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March 27, 2009

Don't Be Afraid of the Dark: Black Hat PPC Tactics in SES NY

By Brian Cosgrove

The "Black Hat" PPC session contained quite a bit of overlap in content. There was a certain risk/reward scenario that followed and for the most part, the panelists agree that it's a good idea to push the boundaries far enough to get push-back, but not so far that you banned. At SMG, we suggest that you use your own best judgment on whether to use these tactics, but also that you keep your eyes open to see whether they are being used against you.

The panelists for this session include:

  • Richard Zwicky: Founder & CEO, Enquisite
  • Jamie Smith: CEO, Engine Ready
  • Kevin Lee: Co-Founder & Executive Chairman, Didit
  • David Szetela: CEO, Clix Marketing
  • Bill Leake: President and CEO, Apogee Search

Among the topics was shelf space. This means getting multiple listings on the same page by the same company. They mentioned that this can occur by working with channel providers, or creating resource portals with a few competitors. In cases where there is a decidedly different user experience; many folks may get away with the multiple listings. Nonetheless, the foot print that would tie the accounts together must be minimized. Also, there may be several situations where a user will click on multiple of your listings on the same results page driving the cost per acquisition (CPA) up. In this respect, it's better to separate the listings (1 and 4 instead of 2 and 3). Note that CPA could go over the top if users regularly click multiple listings; but the vast majority or users click on or under two for any SERP. One panelist mentioned that it may have a negative impact on your brand if low-quality flanker sites or low quality affiliates are taking up the listings. As long as your trying to avoid complaints, you're on a far better path to keep those multiple shelf-space ads alive.

Another topic covered is hiding from competition. To do this, geo-targeting can be applied to exclude your competitor's town. Further, an IP address may be blocked from you campaign and this can be obtained by sending an email to the competitor and viewing its properties to get the IP address of where it went. If the competitor uses an agency, it must be excluded as well. If the geographic region of the competitor is too important of a market, geography-based exclusion should be reconsidered. Beware that affiliates will often use this tactic against you.  This concept is important with black hat PPC because it may reduce the number of complaints you'll receive from competition about black/gray-hat tactics and it hides the successful ads from their view as well. As a best practice the top three to five competitors should be considered. In the same notion as hiding from your competition, one panelist suggested hiding from Google as well (i.e., only violate rules when Mountain View, CA is sleeping.)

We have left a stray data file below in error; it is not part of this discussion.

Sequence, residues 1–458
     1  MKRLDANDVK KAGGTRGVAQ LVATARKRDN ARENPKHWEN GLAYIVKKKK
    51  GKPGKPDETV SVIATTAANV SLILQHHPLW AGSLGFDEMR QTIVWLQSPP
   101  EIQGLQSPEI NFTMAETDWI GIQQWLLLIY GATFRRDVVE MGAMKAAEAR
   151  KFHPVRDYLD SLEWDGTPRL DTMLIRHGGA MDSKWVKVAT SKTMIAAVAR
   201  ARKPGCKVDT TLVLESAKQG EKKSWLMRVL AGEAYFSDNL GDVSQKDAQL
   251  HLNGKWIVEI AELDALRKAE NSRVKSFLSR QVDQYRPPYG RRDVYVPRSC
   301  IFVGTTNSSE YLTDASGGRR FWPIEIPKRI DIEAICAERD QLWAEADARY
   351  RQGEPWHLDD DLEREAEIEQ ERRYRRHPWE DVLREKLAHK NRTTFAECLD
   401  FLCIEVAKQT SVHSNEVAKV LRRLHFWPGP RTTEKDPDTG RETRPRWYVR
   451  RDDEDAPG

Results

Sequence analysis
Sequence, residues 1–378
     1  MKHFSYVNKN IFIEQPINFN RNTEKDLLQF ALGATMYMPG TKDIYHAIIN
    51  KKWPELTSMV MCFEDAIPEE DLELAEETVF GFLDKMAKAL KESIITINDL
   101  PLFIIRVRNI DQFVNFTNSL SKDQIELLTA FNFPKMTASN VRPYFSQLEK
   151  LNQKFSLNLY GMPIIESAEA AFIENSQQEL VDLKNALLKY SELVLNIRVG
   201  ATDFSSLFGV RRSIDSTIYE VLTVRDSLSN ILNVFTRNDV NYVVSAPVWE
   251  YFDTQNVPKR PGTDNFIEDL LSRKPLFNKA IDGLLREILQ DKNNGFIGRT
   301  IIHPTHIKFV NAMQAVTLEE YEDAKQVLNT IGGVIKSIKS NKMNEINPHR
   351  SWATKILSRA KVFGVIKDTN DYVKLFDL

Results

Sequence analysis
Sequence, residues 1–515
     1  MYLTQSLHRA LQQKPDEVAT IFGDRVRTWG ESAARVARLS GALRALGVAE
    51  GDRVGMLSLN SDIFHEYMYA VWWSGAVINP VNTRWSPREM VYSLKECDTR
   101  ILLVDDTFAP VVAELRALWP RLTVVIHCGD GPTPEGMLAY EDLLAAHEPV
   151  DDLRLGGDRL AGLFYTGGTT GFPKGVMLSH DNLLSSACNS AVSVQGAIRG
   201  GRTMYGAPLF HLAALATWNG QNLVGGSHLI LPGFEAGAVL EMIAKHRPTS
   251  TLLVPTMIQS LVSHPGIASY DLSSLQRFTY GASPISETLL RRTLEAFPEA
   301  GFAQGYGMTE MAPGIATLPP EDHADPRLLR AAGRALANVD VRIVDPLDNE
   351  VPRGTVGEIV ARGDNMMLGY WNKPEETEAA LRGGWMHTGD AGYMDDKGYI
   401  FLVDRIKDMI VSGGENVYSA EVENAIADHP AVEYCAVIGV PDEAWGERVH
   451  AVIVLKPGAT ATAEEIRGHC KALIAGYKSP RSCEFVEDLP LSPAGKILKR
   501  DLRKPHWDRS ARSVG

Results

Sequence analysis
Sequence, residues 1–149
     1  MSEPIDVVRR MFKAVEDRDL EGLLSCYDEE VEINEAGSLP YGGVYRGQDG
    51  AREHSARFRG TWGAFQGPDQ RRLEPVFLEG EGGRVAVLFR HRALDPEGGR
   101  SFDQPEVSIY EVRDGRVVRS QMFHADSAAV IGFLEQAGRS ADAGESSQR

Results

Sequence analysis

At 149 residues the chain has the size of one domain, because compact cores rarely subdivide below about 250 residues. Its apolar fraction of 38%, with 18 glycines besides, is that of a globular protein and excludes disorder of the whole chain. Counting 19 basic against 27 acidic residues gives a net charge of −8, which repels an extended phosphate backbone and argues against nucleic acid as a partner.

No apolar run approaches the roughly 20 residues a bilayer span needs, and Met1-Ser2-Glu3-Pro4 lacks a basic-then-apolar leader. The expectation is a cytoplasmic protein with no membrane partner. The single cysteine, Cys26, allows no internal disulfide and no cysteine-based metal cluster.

Trademarks were covered in length. On the topic, they mentioned that it takes a long time to get trademark usage approved with some companies. Dynamic keyword insertion in one tool that can help to facilitate getting trademarks in the ad copy when they are used in the search. Also mentioned was using hyphens or spaces creatively. For example, if the word "company" was a trademark, someone might use "comp-any" or "c o m p a n y" in their ad. In other cases, there are still companies who haven't or can't enforce a trademark and therefore could be easily targeted. One suggestion was to align ppc spend with the competitor's market spend to capitalize on large marketing campaign pushes that will increase the volume of related queries. Monitoring and syncing with their campaigns will let you harvest the clicks from the entire "ecosystem" of words that they stimulate. Note that re-targeting may also let you connect your ads with competitors' trademarks in an indirect manner.  Finally, use of broad match on mispellings(sic) of names, pieces of names, or pieces of domain spellings can further capitalize on searches intended for competitors.